Tag Archives: ROW

Temporary Tables and Replication

I recently wrote about non-deterministic queries in the replication stream. That’s resolved by using either MIXED or ROW based replication rather than STATEMENT based.

Another thing that’s not fully handled by STATEMENT based replication is temporary tables. Imagine the following:

  1. Master: CREATE TEMPORARY TABLE rpltmpbreak (i INT);
  2. Wait for slave to replicate this statement, then stop and start mysqld (not just STOP/START SLAVE)
  3. Master: INSERT INTO rpltmpbreak VALUES (1);
  4. Slave: SHOW SLAVE STATUS \G

If for any reason a slave server shuts down and restarts after the temp table creation, replication will break because the temporary table will no longer exist on the restarted slave server. It’s obvious when you think about it, but nevertheless it’s quite annoying.

A long time ago (early 2007, when I was still working at MySQL AB) I filed a bug report on this. It’s important to realise that back then, row based replication did exist but was so buggy that you wouldn’t recommend it, so the topic was quite relevant. For some reason the bug has remained open for over 6 years until some recent activity.

It is not an issue with determinism and most temporary table constructs are technically regarded as “safe” to replicate via statement based replication, so if you use MIXED you will still find replication broken with the above scenario. Important to realise!

http://dev.mysql.com/doc/refman/5.5/en/replication-features-temptables.html (the obvious place to look) doesn’t really explain this well, but http://dev.mysql.com/doc/refman/5.5/en/replication-rbr-usage.html correctly states that ROW based replication doesn’t suffer from this problem as it replicates the values from the temporary table on the master rather than the statement, thus the slave doesn’t have to deal with the temporary table at all. I’ve suggested that the bug be changed to a documentation issue, updating the page on replication and temporary tables to properly explain the issue and point clearly and explicitly to the solution.

So, why would you ever use STATEMENT or MIXED rather than ROW based replication?

  • Well, as I mentioned, earlier row based wasn’t particularly reliable. At that time, for non-deterministic scenarios we recommended mixed as a compromise (that only uses row based information in the replication stream when it’s necessary, and statements the rest of the time). Many issues have been fixed over time and now we can generally say that row based replication is ok in recent versions of MySQL and MariaDB (5.5 or above, just to be sure). So if you’re replicating from an older master, STATEMENT or MIXED might still be preferable, as long as you know that the limitations are.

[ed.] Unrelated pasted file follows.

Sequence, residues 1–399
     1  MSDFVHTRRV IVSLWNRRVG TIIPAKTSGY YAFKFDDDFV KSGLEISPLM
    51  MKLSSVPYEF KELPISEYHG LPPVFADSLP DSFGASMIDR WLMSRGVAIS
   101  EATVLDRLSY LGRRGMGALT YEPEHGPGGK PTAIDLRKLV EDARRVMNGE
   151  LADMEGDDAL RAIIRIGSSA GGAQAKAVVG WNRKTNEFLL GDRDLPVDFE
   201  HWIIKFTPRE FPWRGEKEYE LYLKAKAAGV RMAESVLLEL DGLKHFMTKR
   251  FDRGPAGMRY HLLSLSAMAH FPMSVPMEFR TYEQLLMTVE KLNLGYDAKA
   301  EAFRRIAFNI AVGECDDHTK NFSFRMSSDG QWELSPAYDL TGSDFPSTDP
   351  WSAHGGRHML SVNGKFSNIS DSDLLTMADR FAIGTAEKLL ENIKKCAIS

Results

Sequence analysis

• Non-local replication (outside the datacenter) is vastly more efficient with STATEMENT based replication: if you’re updating 100,000 rows, it’s a single statement whereas it’s a 100,000 row updates. So depending on bandwidth/cost and such, that might also be a relevant.

If none of those considerations apply, ROW based replication might be the way to go now. But the really important thing to realise is that for each of the choices of STATEMENT, MIXED and ROW, there are advantages and consequences.

Do you have any other reasons for using STATEMENT or MIXED in your environment?

Non-Deterministic Query in Replication Stream

You might find a warning like the below in your error log:

130522 17:54:18 [Warning] Unsafe statement written to the binary log using statement format since BINLOG_FORMAT = STATEMENT. Statements writing to a table with an auto-increment column after selecting from another table are unsafe because the order in which rows are retrieved determines what (if any) rows will be written. This order cannot be predicted and may differ on master and the slave.
Statement: INSERT INTO tbl2 SELECT * FROM tbl1 WHERE col IN (417,523)

What do MariaDB and MySQL mean with this warning? The server can’t guarantee that this exact query, with STATEMENT based replication, will always yield identical results on the slave.

Does that mean that you have to use ROW based (or MIXED) replication? Possibly, but not necessarily.

For this type of query, it primarily refers to the fact that without ORDER BY, rows have no order and thus a result set may show up in any order the server decides. Sometimes it’s predictable (depending on storage engine and index use), but that’s not something you want to rely on. You don’t have to ponder that, as an ORDER BY is never harmful.

Would ORDER BY col solve the problem? That depends!
If col is unique, yes. If col is not unique, then multiple rows could result and they’d still have a non-deterministic order. So in that case you’d need to ORDER BY col,anothercol to make it absolutely deterministic. The same of course applies if the WHERE clause only referred to a single col value: if multiple rows can match, then it’s not unique and it will require an additional column for the sort.

There are other query constructs where going to row based or mixed replication is the only way. But, just because the server tells you it can’t safely replicate a query with statement based replication, that doesn’t mean you can’t use statement based replication at all… there might be another way.